The ambition to govern the climate is a dangerous one. Even more so when guided by a tenacious faith in the “iron hand” of scientific rationalism. When combined with climate deadline-ism (“10 more years to save the world”), epistemic certainty and coercive moralism fuels declarations of climate emergency – as we have seen in recent years. Even if initially benign, emergency politics opens the door to ‘strong men’ and for anti-liberalism. Rather than declaring “states of emergency” in the name of a climate crisis, the approach to taming the worst effects of climate change should be one of pragmatism, incrementalism and experimentation. This talk develops this argument, explaining what Hulme means by “science-first” and “more-than-science” approaches to responding to the various realities of climate change. There are other resources and avenues available to guide political action beyond eco-authoritarianism guided by scientific rationalism. For example, the ambiguity, complexity and partiality of religious myths, Indigenous knowledge-ways or the creative arts undermine the illusion that science will ever yield all that is necessary to know about the future to adequately guide actions in the present. Democratic political systems are better placed than authoritarian ones to navigate the indeterminacies, uncertainties and conflicting goals set in motion by a changing climate.
Mike Hulme (speaker) is professor of human geography at the University of Cambridge. His work illuminates the numerous ways in which the idea of climate change is deployed in public, political, religious and scientific discourse, exploring both its historical, cultural and scientific origins and its contemporary meanings. He is the author of nine books on climate change, including, most recently, Climate Change: Key Ideas in Geography (Routledge, 2021), Contemporary Climate Change Debates (Routledge, 2020) and Why We Disagree About Climate Change(CUP, 2009). From 2000 to 2007 Hulme was the Founding Director of the Tyndall Centre for Climate Change Research.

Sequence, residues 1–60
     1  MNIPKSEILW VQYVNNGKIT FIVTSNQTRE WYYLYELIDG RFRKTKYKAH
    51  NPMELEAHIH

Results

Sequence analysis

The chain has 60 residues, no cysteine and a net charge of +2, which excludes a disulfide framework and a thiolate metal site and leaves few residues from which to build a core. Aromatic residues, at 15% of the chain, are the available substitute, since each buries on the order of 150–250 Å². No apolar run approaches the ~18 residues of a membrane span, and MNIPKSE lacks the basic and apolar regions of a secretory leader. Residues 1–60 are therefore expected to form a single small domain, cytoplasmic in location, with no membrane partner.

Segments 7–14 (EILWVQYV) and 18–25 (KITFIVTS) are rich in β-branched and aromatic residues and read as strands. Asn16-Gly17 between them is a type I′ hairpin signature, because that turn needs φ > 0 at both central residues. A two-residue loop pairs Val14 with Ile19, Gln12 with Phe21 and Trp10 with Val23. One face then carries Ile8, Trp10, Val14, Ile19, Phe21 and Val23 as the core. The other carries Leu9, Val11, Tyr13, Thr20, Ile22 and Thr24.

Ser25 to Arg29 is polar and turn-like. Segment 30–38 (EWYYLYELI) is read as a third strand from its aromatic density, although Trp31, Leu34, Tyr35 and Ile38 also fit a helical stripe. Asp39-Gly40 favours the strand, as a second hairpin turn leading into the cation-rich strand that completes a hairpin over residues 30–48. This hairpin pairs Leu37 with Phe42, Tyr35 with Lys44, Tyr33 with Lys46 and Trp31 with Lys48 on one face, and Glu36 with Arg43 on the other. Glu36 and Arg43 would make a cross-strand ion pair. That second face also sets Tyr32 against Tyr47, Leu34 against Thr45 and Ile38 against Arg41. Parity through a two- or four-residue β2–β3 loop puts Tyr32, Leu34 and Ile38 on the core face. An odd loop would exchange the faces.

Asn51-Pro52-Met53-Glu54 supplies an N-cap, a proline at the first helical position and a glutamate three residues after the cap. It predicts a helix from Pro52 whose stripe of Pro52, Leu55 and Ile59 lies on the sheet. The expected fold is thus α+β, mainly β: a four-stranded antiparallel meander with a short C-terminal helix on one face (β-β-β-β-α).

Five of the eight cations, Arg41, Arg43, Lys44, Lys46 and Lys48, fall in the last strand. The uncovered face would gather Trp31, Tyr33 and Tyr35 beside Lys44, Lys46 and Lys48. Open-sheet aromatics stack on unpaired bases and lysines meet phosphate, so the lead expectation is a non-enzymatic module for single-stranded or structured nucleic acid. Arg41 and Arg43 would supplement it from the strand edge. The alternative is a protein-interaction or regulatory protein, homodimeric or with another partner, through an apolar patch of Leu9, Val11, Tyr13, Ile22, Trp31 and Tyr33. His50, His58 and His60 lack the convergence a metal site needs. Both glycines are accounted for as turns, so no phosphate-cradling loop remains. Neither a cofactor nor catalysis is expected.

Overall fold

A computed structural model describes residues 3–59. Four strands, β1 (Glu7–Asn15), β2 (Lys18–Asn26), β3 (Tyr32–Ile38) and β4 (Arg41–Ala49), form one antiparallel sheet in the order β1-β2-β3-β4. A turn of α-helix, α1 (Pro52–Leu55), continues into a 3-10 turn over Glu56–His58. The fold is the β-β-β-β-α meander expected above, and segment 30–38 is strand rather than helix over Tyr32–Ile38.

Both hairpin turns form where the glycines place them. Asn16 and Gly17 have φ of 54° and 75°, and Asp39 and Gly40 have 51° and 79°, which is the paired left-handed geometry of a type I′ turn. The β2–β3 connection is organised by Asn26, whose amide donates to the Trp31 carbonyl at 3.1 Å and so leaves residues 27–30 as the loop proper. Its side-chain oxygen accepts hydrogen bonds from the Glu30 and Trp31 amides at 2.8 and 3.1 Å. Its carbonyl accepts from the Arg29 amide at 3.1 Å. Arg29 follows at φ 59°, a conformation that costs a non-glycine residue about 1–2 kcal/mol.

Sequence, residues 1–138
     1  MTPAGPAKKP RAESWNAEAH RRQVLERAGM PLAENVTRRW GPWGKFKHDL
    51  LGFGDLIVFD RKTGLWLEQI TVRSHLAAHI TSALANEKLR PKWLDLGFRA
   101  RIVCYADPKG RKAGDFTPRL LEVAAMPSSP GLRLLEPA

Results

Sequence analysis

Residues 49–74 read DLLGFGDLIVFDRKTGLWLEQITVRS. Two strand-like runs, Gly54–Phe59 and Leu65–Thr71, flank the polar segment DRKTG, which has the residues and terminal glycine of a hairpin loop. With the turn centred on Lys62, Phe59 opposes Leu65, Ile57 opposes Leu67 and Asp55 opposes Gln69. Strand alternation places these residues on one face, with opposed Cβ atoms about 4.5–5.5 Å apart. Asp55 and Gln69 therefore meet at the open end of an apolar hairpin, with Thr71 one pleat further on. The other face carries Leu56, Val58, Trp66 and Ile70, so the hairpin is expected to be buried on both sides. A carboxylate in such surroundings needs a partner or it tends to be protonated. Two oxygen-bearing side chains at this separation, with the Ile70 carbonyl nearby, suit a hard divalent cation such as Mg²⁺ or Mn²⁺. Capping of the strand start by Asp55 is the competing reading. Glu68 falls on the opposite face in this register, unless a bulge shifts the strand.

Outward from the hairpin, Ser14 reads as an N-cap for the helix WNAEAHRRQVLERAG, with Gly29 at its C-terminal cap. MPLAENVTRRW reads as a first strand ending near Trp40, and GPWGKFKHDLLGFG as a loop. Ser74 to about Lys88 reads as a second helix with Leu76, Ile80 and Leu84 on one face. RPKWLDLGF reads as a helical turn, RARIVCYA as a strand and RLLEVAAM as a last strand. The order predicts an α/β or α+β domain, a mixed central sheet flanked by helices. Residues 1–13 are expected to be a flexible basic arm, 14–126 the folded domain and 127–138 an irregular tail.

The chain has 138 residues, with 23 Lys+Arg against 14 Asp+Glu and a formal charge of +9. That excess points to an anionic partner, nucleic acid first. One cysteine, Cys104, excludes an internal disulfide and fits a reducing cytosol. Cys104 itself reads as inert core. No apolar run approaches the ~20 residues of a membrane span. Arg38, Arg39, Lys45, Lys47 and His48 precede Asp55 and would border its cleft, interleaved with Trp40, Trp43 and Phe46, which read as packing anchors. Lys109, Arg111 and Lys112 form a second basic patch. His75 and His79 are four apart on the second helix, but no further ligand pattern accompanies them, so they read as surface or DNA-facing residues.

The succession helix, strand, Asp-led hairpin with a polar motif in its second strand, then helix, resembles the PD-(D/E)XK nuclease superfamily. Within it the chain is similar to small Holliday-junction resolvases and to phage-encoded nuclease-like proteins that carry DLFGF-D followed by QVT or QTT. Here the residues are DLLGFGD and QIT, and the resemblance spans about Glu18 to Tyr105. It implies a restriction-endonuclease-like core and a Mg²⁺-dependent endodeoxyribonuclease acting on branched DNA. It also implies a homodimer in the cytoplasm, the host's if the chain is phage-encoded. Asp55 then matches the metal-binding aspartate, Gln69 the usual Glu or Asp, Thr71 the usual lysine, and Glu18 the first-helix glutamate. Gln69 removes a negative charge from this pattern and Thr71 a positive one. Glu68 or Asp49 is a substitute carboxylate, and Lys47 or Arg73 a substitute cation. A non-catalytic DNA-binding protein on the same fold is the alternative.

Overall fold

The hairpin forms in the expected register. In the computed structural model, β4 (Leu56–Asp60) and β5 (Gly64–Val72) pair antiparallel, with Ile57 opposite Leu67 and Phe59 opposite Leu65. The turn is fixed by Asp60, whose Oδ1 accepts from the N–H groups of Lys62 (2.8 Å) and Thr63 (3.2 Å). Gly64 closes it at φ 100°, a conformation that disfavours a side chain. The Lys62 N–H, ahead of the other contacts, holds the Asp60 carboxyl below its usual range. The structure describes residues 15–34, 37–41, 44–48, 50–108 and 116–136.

Helena Freitas (discussant) received her PhD in Ecology from the University of Coimbra, in collaboration with the University of Bielefeld, Germany, in 1993, and did postdoctoral studies at Stanford University, USA, between 1994 and 1996. She is Full Professor of Biodiversity and Ecology at the Department of Life Sciences of the University of Coimbra since 2003, and holds the UNESCO Chair in Biodiversity and Conservation for Sustainable Development since 2014. She is currently Coordinator of the Center for Functional Ecology – science for people and the planet (cfe.uc.pt). In July 2019 she was selected to join the Mission Board for Climate Change Adaptation, including Societal Transformation from the European Commission and in August 2019 she was nomitated Focal Point for Portugal in IPBES – Intergovernmental Platform for Biodiversity and Ecosystem Services. She is Director of the Serralves Park, Porto.
Paula Castro (chair) is Full Professor of Psychology at ISCTE-IUL & a researcher at CIS-iscte. She holds a PhD in social and environmental psychology (ISCTE, 2000), and a degree in psychology (Univ-Lisboa,1987). Her research looks at the processes of meaning-making and communication involved in the reception of new laws and public policies – mainly environmental ones – developing a social psychology of legal innovation. She coordinated and participated in several financed projects (FCT, EU) and supervised various PhD and Pos-Doc projects, with the resulting work published in international journals of high impact in the areas of social, political, environmental and community psychology, as well as environmental policy. She was Director of the Psychology Department (2008–2010), Director of the PhD program in Psychology (2010–2013), Director of the Masters in Studies of Environment and Sustainability (2015-19), Member of ISCTE’s SC (2010-2014), and CIS-iscte SC (2016-19) and Director of CIS-iscte (2019-2021).
“After Globalization: The Future of World Society”